That's Racin Magazine

It's not easy being 'E'


Saturday, Feb. 19, 2011

DAYTONA BEACH, Fla. – How would you like to be Dale Earnhardt Jr. on Sunday?

As people constantly remind you, your father died 10 years ago this week.

He died in the race you’re about to run – the Daytona 500, the biggest event in NASCAR – in a last-lap, last-turn crash that changed your sport and your life forever.

Your father was NASCAR’s Elvis. You have been both blessed and cursed by the fact that you share his name. It has opened many doors for you. But it also means that nothing you do is ever quite enough. Whether you are struggling or celebrating, a spotlight permanently illuminates your life.

Lap 3 of Sunday’s race will be silent on television to honor your father’s race number. Fans at Daytona will take off their caps and hold three fingers aloft. You will do your best to ignore all that, staying focused on your gauges and the cars in front of you.

Although it could end up as one of the most memorable moments in this race’s history due to the layers of emotion involved, you insist that you don’t think about it that way.

Instead, you would like to respectfully urge people to move on. You haven’t talked much about your father’s death at Daytona recently. You don’t think he would want you to. You think he would tell people to get over his death and get on with their lives.

So you’re walking a tightrope at this Daytona 500 at 200 mph. As you say: “I want to honor him and respect him, make him happy and please his fans. But I don’t want to drag on about the details.”

You are 36 now – not as much of a partier as you used to be and not as outwardly cheerful, either.

People want you to be happy, because up close you are almost impossible to dislike. So they look desperately for signals that your mood may be lifting. The fact you’ve been wearing your baseball cap backward more often this week, like you used to in more-carefree days, is seen as a positive sign.

But you carry the weight of a 93-race winless streak in NASCAR’s Sprint Cup Series, as well as the burden of pleasing both your fans and your dad’s. Those around you admire your tenacity and the way you return to Daytona every year, racing hundreds of times through Turn 4 where your father died.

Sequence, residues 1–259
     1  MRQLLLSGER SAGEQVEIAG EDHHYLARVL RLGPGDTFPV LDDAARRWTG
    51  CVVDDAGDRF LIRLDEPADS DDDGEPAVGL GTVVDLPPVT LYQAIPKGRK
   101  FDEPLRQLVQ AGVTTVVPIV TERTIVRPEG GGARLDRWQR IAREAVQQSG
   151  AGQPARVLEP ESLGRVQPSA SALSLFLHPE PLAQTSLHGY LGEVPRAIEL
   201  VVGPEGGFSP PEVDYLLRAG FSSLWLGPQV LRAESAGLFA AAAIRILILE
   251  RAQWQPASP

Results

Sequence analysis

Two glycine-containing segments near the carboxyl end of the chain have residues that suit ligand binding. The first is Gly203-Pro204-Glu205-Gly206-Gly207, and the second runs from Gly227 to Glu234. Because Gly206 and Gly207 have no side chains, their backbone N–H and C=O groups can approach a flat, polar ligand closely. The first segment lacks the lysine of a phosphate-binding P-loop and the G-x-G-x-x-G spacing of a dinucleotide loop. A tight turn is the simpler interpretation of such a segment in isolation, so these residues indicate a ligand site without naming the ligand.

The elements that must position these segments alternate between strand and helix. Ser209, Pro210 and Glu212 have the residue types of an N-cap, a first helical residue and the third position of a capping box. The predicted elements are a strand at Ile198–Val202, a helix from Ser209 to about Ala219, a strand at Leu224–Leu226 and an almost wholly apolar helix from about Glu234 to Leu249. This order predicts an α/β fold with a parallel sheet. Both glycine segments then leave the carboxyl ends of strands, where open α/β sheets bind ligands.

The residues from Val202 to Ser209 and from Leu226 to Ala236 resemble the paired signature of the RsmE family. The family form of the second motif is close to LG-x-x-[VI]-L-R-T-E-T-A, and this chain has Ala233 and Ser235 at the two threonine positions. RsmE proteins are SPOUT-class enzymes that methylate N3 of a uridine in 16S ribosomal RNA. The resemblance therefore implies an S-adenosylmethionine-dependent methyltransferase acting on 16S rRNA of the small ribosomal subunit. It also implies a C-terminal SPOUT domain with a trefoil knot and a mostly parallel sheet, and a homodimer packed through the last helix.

As your owner Rick Hendrick says of you: “I don’t know how he even goes to Daytona…. And I can’t tell you how I can handle what he’s trying to handle.

"Carry on his father’s name. A business to take care of. Making everybody happy. And the sport needs him to do well. So he’s getting it from everywhere. He has no safe zone.”

The thing is that you like Daytona – a lot – even though this is where your father perished. You’ll never be quite the racer your father was. That’s no sin, as he may have been the best ever.

But you did inherit his knack for restrictor-plate racing. You know how to drive Daytona’s 2.5-mile superspeedway as well as anyone, and you finished second in the 2010 Daytona 500.

You won a race in the second-tier Nationwide series here in July. On Saturday, you finished fourth in another Nationwide race, less than one-tenth of a second behind winner Tony Stewart.

‘Like he’s never driven before’

So could you pull off a fairytale victory in NASCAR’s Great American Race? It’s possible, but it’s not likely. You are only one of 43 talented drivers in the field. Nevertheless, you will be babbled about on TV as much as anyone.

“We’ll be talking about Dale Jr. all afternoon,” Darrell Waltrip, the racer turned Fox Sports analyst, says. “I haven’t seen him this pumped up for awhile. I think he’s going to drive like he’s never driven before.”

Waltrip and his employer hope so, anyway, since your being in contention is NASCAR’s version of Tiger Woods being in contention in a golf tournament’s final round. It moves the needle.